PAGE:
In the voluntary scheme, there would be no real disadvantage for a property manager who was part of the scheme but who lost accreditation due to breach of the standards. Nonetheless, as the standards are expanded following the consultation period, the scheme could impose severe consequences for breach of a standard. Similar voluntary schemes have incorporated strict penalties for members in breach. For example, the Consumer Code for Home Builders (also set up following an OFT market study) has a range of sanctions available when a Home Builder is in serious breach. This includes removal from the warranty body's register (such as NHBC) and would impact massively on the home builder's ability to sell properties. Further, if tough sanctions were imposed, it could prove to be a disincentive to property managers considering signing up to the voluntary scheme.
As an alternative approach to a voluntary scheme, the Property Factors (Scotland) Bill has recently been introduced in the Scottish Parliament.
The purpose of the Bill is to introduce a statutory framework "to regulate the behaviour and conduct of property factors in Scotland". The first part of the Bill requires a public register of property factors of residential premises in Scotland to be maintained, whilst the second part of the Bill would create an alternative dispute resolution system between property managers and homeowners.
Under the Bill's proposals, property factors would face a mandatory system of registration, as operating as a property factor without registration would be an offence. To obtain registration, a property factor would need to be deemed "a fit and proper person". For the purposes of deciding whether the factor is indeed a fit and proper person, matters such as prior convictions, previous unlawful discrimination and contravention of laws relating to tenements, property or debt will be taken into account.
A proposed statutory code of conduct would be put in place, and all registered property factors would need to "ensure reasonable compliance". Members who do not meet the standards stipulated in the code could potentially face de-registration. As the Bill makes operating as a property factor without registration an offence, potentially resulting in a fine or imprisonment, one can imagine that property managers would be keen to adhere to the code of conduct.
Nonetheless, in a practical sense, de-registration could pose a problem rather than a remedy where homeowners are concerned. If a property manager is de-registered and can therefore no longer practice, who will take over the running of the properties in their control? It may be left to residents to take on a management role and organise services themselves, which will not be what is intended by Deeds of Conditions setting out management provisions.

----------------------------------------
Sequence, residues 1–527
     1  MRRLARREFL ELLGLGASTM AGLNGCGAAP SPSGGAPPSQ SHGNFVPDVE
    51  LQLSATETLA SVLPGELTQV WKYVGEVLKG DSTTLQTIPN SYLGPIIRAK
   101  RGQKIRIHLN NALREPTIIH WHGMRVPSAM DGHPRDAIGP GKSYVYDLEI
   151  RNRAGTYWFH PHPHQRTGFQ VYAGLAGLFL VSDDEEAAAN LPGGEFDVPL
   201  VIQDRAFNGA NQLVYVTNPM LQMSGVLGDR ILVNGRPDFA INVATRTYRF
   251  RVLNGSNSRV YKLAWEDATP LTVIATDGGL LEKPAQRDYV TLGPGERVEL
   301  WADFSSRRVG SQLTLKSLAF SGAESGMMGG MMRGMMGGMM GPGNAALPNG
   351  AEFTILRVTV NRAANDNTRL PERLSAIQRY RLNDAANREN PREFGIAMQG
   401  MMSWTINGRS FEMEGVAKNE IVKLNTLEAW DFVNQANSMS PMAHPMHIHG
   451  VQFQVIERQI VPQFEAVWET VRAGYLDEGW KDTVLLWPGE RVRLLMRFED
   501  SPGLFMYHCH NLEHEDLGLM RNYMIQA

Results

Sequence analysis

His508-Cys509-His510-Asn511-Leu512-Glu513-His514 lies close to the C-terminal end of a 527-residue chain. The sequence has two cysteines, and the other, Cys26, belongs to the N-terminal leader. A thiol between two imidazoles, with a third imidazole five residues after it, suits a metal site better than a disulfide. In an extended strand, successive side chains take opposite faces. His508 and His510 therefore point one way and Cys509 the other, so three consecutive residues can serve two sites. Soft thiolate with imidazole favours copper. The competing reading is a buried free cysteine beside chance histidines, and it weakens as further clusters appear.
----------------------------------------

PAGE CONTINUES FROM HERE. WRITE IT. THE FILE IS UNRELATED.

There will also undoubtedly be costs incurred by property managers when obtaining registration and ensuring compliance with the code of conduct. There is therefore a real possibility that such costs will be passed on to consumers as part of a "management fee".
The second part of the Bill proposes a new type of alternative dispute resolution, in the form of the Homeowner Housing Panel (HHP) and Homeowner Housing Committee (HHC). These bodies would have similar functions to the private rented housing panel and private rented housing committee established by the Housing (Scotland) Act 2006.
A homeowner could apply in writing to the HHP for a determination of whether their property factor had failed to comply with the code of conduct or a contract term. The matter could then be referred to the HHC, who could issue enforcement orders and decide on any financial recompense due to the homeowner. A case would only be referred to the HHC where the parties had tried and failed to resolve matters through the property factor's own complaints procedure. This would hopefully encourage disagreements to be resolved internally and amicably, if possible.
Pros and cons to both proposals
Both voluntary self-regulation and mandatory registration have their advantages and disadvantages.
A voluntary scheme, such as that proposed by the Scottish Government, would be regulated by those at the heart of the industry, and would allow for more flexibility in meeting the changing needs of both homeowners and property managers. It would also be less costly than legislation, which is a significant consideration when taking into account what is important to consumers.
However, a voluntary self-regulation scheme opens itself to many difficulties. There is no guarantee that the scheme would receive the backing it would need to fulfil its potentials. Also, the implications of a breach of the scheme's standards would not have any real impact on the work of an improper property manager. In order for the scheme to work, it would need to impose severe sanctions on those who do breach the standards, whilst somehow also making sure that property managers want to voluntarily sign up.
A mandatory registration scheme, as suggested in the Parliamentary Bill, would allow the type of persons operating as property managers in Scotland to be regulated. This, together with the dispute resolution methods available, would hopefully serve to eliminate unfit and improper property managers, and restore consumer satisfaction. However, such a system could potentially lead to further costs for consumers and could lead to situations whereby groups of residents are left without a property manager.
Both methods of regulation will need to be expanded upon and examined in further detail. Consultation with consumers and property managers alike should hopefully help to find the best way forward.